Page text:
Well, This is Uncomfortable: Pen Pals and Perceptions of Poverty

The idea of “pen pals” whiffs of summer camp friends and the distinct spice of Coppertone smeared over DEET. Or that beloved cousin who moved away in 4th grade with a sacred oath to keep in touch no matter how cool the kids were in his new town. Eventually, the tweens from Camp Wamapoke get smartphones and that cousin opens a Facebook account a few years later. Writing letters is harmless fun for the innocent and young.

When the idea of pen pals between the girls of Machakos Rescue Centre and Fayetteville’s Find-A-Friend (FAF) mentoring program first occurred, I thought the same thing—this is a cute, simple project that will hopefully be mildly fun for both parties involved. And it was! The letters exchanged were kind and encouraging. The girls asked thoughtful questions and talked about their lives in different cultures and continents. Both sets of kids were excited and enthusiastic (no easy feat with two groups of teenagers!).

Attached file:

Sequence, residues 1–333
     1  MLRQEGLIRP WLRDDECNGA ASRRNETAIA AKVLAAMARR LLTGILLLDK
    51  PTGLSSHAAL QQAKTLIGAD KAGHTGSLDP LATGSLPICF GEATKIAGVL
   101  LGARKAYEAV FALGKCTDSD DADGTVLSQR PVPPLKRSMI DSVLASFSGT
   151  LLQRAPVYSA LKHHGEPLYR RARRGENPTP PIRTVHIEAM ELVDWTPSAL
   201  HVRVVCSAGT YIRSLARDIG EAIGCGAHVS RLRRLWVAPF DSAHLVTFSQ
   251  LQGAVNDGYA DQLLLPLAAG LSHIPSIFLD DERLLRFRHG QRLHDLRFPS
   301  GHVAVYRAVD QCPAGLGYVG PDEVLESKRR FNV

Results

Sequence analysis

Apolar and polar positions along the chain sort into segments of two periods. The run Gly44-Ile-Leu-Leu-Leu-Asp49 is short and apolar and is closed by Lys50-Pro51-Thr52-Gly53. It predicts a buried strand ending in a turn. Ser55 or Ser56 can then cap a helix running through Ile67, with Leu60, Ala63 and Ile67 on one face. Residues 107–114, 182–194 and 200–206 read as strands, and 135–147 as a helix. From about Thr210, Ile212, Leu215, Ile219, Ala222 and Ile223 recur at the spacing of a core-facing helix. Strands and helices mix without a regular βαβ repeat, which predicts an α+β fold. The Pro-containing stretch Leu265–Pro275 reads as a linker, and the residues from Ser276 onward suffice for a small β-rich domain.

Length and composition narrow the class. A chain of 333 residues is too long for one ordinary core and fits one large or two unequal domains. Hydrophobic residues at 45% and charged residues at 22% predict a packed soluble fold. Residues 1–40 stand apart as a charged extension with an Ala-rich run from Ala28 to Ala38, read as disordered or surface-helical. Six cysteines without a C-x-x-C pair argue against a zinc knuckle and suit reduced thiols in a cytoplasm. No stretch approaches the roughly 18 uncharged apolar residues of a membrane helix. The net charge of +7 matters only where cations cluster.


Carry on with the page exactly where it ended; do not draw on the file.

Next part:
Photo by a FAF participant.

The next step for our pen pals was a move from written to visual media. Mugumo facilitated photography workshops with each group, equipping the girls to photograph their lives as they see them. How would you portray your life to someone who knows nothing about who you are and where you live? What would you show and how would you show it? The result is a series of photographs that express the unique perspectives of two groups riddled with stereotypes: African orphans and American minority youth.  The hope and optimism radiating from the photos is contagious and powerful. To everyone who attended the opening of our pop-up gallery last weekend in downtown Fayetteville, I give our sincerest thanks. The FAF girls had a great time with their family and friends at the debut. From the start, this pen pal program has been a lovely patch of cross-cultural understanding.

Grim Realities


Photo by a Machakos participant.

While at first glance the pop-up gallery is sweet and cheerful, a deeper look reveals some grim realities. In fact, this “cute” project has made me uncomfortable on many occasions about our perceptions of poverty.  

First, both sets of girls are struggling, but in different ways. Many of the Machakos girls have been rescued from severe abuse, child marriage, and other traumas. The FAF kids are fighting the pressures of low-income life such as food insecurity, limited educational support, and a lack of resources. Visually, the FAF kids have an obvious material advantage; they have more things compared to the girls in Kenya, more amenities like running water and wifi. In our comparative pen pal context, these youth felt like royalty where in other settings they are defined as “disadvantaged.” Several of the FAF girls felt empowered by this shift on the poverty spectrum.


Photo by a FAF participant.